Elena Zapata-Arriaza, MD

Venema E, Lingsma HF, Chalos V, Mulder MJHL, Lahr MMH, van der Lugt A, et al. Personalized Prehospital Triage in Acute Ischemic Stroke: A Decision-Analytic Model. Stroke. 2019;50:313–320.

Delay in the administration of required treatment in ischemic stroke can worsen the patient’s functional prognosis. Which patient needs direct transfer to a primary stroke center or to an intervention center is still a challenge in decision making.

To determine optimal prehospital transportation strategy, the authors performed a decision – analytic model. As described in Figure 1, this model starts with the initial decision of transportation to the primary stroke center or to the nearest endovascular-capable intervention center. The benefit of direct transportation to the intervention center was defined as the average amount of quality-adjusted life years (QALYs) gained by this strategy (difference of >0.02 QALYs (=1 week in full health) was considered clinically relevant). The short-run model calculates the probability of every possible pathway and the associated distribution of the modified Rankin Scale (mRS) score after 3 months. It takes into account driving times, in-hospital workflow characteristics, and time-dependent treatment effects. In each annual cycle of the following Markov model, patients can remain in the same health state or die. These probabilities are based on the age and sex-dependent annual mortality rates, adjusted for previously reported death hazard rate ratios of stroke patients.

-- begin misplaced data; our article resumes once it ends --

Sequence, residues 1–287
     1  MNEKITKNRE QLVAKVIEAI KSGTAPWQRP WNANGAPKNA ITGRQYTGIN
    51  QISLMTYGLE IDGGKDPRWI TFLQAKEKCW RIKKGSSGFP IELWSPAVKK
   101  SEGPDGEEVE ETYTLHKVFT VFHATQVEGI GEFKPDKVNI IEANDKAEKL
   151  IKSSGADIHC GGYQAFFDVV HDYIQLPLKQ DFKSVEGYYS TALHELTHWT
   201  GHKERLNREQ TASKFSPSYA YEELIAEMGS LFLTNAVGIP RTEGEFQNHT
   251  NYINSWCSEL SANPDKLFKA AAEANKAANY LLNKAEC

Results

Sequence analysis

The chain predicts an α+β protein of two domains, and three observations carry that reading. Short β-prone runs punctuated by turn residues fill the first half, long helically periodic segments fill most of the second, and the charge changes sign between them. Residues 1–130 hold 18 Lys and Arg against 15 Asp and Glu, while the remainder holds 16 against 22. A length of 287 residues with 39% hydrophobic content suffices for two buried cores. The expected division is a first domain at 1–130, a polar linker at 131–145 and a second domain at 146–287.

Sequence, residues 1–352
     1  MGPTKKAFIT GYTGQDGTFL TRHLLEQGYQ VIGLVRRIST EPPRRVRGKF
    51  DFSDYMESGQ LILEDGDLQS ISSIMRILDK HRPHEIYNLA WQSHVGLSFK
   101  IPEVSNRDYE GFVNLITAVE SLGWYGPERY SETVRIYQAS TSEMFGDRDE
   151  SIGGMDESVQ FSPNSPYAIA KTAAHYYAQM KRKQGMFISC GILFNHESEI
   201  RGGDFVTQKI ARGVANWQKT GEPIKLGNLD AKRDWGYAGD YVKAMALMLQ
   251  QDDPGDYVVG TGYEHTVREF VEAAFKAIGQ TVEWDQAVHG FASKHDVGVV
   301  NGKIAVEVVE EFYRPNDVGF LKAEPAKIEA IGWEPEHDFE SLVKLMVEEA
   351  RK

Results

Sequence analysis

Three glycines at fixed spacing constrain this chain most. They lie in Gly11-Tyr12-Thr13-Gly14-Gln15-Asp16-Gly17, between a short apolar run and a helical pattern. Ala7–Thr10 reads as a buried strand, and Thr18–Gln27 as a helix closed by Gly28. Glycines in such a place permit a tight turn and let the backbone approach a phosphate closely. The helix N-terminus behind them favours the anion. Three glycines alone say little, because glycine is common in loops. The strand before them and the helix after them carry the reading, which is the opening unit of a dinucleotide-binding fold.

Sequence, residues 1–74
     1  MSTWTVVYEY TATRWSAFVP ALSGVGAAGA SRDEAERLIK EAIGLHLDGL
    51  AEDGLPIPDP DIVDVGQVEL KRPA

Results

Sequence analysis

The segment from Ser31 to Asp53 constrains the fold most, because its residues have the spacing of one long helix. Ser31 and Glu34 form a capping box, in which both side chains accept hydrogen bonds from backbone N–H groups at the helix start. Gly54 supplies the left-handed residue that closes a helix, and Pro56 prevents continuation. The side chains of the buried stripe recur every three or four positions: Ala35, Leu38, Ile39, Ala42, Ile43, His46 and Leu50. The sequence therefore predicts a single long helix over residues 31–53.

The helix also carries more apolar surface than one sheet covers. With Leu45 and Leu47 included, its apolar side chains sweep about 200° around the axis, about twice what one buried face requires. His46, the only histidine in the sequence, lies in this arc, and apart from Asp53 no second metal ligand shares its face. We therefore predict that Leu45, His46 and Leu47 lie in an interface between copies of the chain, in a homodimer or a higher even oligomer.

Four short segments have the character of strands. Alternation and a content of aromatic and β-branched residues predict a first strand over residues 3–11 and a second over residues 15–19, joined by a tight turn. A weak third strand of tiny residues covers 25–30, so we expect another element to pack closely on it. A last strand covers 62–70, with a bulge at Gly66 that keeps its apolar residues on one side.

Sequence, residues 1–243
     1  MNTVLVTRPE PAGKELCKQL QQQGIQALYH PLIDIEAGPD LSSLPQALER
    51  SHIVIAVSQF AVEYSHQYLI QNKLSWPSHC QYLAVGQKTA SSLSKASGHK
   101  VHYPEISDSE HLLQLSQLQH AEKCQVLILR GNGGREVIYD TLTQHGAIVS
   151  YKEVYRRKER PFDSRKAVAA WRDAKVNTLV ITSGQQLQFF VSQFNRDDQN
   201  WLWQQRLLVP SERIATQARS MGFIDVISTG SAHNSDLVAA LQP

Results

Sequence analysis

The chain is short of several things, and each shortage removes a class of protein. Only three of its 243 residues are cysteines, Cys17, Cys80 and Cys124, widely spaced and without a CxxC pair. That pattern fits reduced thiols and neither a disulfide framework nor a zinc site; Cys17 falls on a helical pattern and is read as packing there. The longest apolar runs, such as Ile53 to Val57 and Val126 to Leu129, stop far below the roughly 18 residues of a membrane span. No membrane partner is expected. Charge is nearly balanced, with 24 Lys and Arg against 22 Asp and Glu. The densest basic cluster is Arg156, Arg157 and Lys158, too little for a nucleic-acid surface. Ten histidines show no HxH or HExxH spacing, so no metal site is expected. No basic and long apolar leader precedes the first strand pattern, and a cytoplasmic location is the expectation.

Schematic overview of the model structure.

Figure 1. Schematic overview of the model structure. The decision node is represented with a square. The circles represent chance nodes, the circles marked with an M represent Markov models and the triangles represent terminal nodes. EVT indicates endovascular treatment; IVT, treatment with intravenous thrombolytics; and LVO, large vessel occlusion.

The entire range of LVO likelihood (0%-100%) was modeled to calculate the threshold of  each transportation strategy benefit. For the sensitivity analyses, the Rapid Arterial Occlusion Evaluation scale for examples of low risk (14%) and high risk (66%) was employed.

Furthermore, the authors assessed the following cases in the model: a base case (nearest primary stroke center was located at a 20 minutes drive by ambulance, while the intervention center was located at 45 minutes. Driving time between the centers was 35 minutes); an urban scenario (10 minutes from scene to primary stroke center; 20 minutes from scene to intervention center; and 15 minutes intercenter driving time); and a more rural scenario (30, 90, and 75 minutes, respectively). Finally, the authors used Tornado-analysis to explore the importance of model parameters, by varying each parameter at a time while the others were held constant.